He taught me algebra and geometry, the work of wood, stone and metal, mechanics, general and specialized engineering, electricity, vril, and ten thousand other branches of knowledge, have filled me with ease and wisdom. He showed me how to work the different metals, how to design magic weapons for hunting or war. At the end of a century I had become a master in the art of melting and forging. The desire made me go and see the country, and I made an electric lance that propelled me to the neighboring island on the first attempt. I fell on the ruthless island, in the kingdom of high magic, in the land of the very powerful and very disturbing witches. Their reputation among the Cyclops was hardly appetizing, but this island was the second initiation of the children of the sun.

I walked on tiptoe when a lovely witch made all my clothes disappear, and without being able to sketch the slightest gesture, I found myself lying on her bed, while she was working to make fall her clothes. Which, to my delight, took her quite a long time. This first lesson augured well for my new stay. Yet I soon discovered how witches are working. With them, no respite, no weekend, only Mondays. On the relentless island, the witches taught me the laws of love, the magical use of pleasure and the healing enjoyment. They also taught me the inflexible will and the thousand faces of intention.

At the end of a century, by the grace of their precious care, I was master of the many practices of ordinary magic, of alchemy, of high magic, of sexual magic, of extraordinary magic and of Spagyrics. One morning, on my own, I made a crystal bridge over the first river, and I passed on to the next island. This time I knew where I was falling. But I had not the slightest idea what I was about to find out.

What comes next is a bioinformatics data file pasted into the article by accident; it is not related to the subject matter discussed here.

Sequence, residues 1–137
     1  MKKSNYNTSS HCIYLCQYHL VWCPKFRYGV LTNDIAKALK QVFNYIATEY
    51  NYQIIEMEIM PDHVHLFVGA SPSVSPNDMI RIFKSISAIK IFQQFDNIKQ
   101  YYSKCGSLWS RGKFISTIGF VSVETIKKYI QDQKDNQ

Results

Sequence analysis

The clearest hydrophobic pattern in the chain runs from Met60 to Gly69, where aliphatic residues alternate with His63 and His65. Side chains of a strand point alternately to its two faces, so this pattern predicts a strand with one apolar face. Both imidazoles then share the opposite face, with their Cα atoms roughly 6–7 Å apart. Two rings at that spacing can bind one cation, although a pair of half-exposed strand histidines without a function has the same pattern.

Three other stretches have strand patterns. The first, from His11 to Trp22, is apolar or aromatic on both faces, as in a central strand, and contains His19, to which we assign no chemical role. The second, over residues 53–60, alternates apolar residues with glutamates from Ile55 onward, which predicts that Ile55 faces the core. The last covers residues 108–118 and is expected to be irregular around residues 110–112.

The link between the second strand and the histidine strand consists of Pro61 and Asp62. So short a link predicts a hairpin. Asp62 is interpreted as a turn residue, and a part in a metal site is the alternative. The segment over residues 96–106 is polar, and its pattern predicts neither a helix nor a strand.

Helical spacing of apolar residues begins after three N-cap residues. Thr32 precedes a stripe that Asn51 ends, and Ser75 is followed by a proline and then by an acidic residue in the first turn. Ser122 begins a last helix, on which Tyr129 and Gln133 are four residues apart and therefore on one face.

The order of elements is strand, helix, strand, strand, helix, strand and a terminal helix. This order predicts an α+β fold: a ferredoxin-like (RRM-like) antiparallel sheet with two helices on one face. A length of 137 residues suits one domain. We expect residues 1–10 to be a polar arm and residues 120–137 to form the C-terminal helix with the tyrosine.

The island where I had just put down my foot was the kingdom of reptiles. All my 2-century experience, all my accumulated knowledge is useless now. These people are not like us. At home, it’s out of the question to learn as you please. They are known for their great intelligence and exponential memory. The program of studies is considerable there, I had to develop my 36 most sharpened senses, no question of wandering or balking, I was working too hard to dream. 




I found myself immersed in the distant past of the Earth. I have lived hundreds of lives, rubbed shoulders with thousands of people, fought millions of battles, all in one day, appalling, endless. I am broken in pieces. This first day of teaching reptilians was so dense that it seemed to last a lifetime!
“A life, no doubt,” said Sanghor the reptilian. But a life of one hundred years. Where you thought you were living an intense day of discovery, you lived a hundred years among us, and you know all our secrets, big and small.
– What do you mean ? I’m afraid I do not understand, I replied, upset.
– Let’s say you’re afraid to understand. The hundred years are up. It’s time for you to leave this island and our company.

From the last island, I would not say anything here. The times have not come. It took me many years, many centuries, to recover the total memory of the teachings received on the four islands of the Divine Sun and on the central island that dominates them all. Know that the divine Sun is not a natural star, it is the home of the Mighty. They have lived there for ages, and before them the Fathers of their fathers lived and taught the Sons of their sons. I recorded the enormous amount of this knowledge in a book that bears my name, Henoch. This book details all the sciences and techniques mastered by the Mighty. Their distant world is known to me, they took me there on board their fast ship. I have traced its customs and customs, history, geography, climates and the arts. This enormous work did not require less than 75 years, which may seem long, but only represents one tenth of my life as a man, praised be the Mighty for this prodigy and for all the others.

One day, your researchers will find other parts of this book that you have so far snatches. A short time later, the veil will be removed, which deprived your eyes of the light of the whole. Let it be.


West Kennet Long Barrow distills a powerful palpable charm. Every time I come to Avebury, I never fail to go there.
Stef Kervor